Text and photographs copyright of Jim Shead.
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Description: This consists of a navigable length of the River Aire plus the Selby Canal and forms a link between the A&CN main line at Bank Dole and the River Ouse at Selby.
History: Cutting of the Selby Canal started in early 1775, built by William Jessop early in his career and opened in 1778.
He made a survey for a canal from Leeds to Selby and gave a preliminary estimate of £65,350.
He was employed to make a survey for the proposed Leeds & Selby Canal. His canal was to take 50 or 60-ton craft over a 23 mile 1 furlong route which included a long aqueduct and a 400 yard tunnel at an estimated cost of £59,468.
He supported John Longbotham's Leeds & Selby Canal in parliamentary evidence. This scheme was the alternative to the Aire & Calder's Selby Canal.
Under the direction of John Smeaton he drew up plans for a 5.25 mile canal between Haddlesey and Selby.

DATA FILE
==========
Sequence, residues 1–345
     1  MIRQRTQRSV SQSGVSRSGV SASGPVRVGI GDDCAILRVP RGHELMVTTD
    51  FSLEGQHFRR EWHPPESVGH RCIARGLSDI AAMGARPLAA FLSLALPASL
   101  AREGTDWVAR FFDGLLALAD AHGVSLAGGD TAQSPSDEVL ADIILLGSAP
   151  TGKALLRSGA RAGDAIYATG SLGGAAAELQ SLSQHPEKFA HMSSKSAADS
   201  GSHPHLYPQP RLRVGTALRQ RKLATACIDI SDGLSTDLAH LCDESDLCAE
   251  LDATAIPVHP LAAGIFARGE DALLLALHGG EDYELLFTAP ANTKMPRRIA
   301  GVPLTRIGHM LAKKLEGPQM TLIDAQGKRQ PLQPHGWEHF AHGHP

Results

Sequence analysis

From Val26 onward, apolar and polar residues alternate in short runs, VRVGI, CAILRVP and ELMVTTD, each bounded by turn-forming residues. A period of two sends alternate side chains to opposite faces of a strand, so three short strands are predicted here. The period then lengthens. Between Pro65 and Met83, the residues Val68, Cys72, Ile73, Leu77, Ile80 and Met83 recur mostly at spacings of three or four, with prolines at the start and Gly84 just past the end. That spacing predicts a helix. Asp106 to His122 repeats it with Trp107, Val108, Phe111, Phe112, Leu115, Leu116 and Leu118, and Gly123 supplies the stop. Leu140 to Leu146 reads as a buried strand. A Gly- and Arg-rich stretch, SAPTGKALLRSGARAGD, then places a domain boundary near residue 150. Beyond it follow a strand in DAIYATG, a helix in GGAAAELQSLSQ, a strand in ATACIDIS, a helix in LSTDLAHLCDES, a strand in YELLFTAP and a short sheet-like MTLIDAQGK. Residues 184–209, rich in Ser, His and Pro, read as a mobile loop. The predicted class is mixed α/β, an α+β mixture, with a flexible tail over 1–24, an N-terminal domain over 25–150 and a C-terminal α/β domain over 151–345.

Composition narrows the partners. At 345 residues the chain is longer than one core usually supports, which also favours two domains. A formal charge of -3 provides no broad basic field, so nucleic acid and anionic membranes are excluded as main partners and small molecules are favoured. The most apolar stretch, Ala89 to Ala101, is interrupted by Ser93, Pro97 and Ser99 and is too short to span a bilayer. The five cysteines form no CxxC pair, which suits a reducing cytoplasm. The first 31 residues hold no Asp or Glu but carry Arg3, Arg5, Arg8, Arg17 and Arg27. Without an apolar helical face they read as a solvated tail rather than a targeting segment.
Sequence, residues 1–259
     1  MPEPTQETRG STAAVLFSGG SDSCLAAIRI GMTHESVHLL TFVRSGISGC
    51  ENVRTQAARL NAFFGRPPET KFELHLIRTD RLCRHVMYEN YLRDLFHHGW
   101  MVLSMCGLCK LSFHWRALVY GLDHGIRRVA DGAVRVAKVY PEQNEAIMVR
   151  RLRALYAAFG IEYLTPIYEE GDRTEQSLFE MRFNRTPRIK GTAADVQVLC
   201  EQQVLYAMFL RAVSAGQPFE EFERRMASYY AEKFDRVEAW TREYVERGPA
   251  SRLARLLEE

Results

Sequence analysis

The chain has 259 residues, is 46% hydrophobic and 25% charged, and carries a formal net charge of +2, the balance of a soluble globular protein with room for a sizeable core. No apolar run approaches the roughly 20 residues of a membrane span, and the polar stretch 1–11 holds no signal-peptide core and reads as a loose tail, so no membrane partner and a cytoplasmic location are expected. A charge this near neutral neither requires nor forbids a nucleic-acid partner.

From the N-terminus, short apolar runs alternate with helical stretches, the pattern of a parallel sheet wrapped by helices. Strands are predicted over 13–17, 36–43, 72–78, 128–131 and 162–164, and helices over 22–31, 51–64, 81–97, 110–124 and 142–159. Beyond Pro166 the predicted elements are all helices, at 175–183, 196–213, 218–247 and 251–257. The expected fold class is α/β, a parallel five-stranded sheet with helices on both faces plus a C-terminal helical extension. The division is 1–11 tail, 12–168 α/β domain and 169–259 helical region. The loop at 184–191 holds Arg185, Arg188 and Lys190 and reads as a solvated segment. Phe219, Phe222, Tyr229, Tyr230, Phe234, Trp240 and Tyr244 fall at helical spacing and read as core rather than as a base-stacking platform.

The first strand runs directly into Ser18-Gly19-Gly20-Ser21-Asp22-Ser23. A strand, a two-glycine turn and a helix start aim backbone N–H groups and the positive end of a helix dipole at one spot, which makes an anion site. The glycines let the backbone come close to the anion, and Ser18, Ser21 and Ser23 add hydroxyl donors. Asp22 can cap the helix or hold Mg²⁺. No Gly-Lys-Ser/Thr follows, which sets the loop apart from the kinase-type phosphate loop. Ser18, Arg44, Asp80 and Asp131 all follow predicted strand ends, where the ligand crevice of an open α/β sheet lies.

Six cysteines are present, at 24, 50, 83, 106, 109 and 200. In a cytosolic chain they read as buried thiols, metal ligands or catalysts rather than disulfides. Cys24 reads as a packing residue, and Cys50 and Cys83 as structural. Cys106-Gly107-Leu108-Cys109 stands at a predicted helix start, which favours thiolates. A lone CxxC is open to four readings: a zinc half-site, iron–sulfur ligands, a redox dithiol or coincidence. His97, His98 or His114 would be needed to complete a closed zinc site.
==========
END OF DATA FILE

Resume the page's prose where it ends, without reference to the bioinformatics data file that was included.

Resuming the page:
He attends a parliamentary committee on the projected Leeds & Selby Canal, which he surveyed.
He directs William Jessop in preparing proposals for the new route from Bank Dole to Selby.
Cutting of the Selby Canal started early this year.
Early January 1775
Cutting of the Selby canal began under his direction as engineer at £250 a year.
Early January 1775
He began cutting the canal as resident engineer under William Jessop.
The Selby Canal was built by William Jessop early in his career and opened in 1778.
He was told to errect and finish staithes at Selby immediately. He had already drawn up plans for these.
He was told to put up two more staiths at Selby and to prepare plans and estimates for such warehouses, cranes and lay-bys as he thought necessary there.
He is told to build the Counting House, Warehouse, Crane, Rigging House, Tarring House, Sailmaker's Shop and a place fordepositing old ropes at Selby in accordance with his plans and estimates.
He was told to errect two cranes at Selby, one on the river and oneon the canal with three gantries.
He came to examine William Martins Plans for a Dock and other facilities at Selby following a request to him in August. He recommended that work start immediately when he reported in January 1793.
He said that extra height dam boards had to be used at Haddlesey weir because the 3 feet 6 inches depth of the canal was too shallow.He also said that two miles of the canal had sandy banks which washed and blew into the canal necessitating frequent dredging.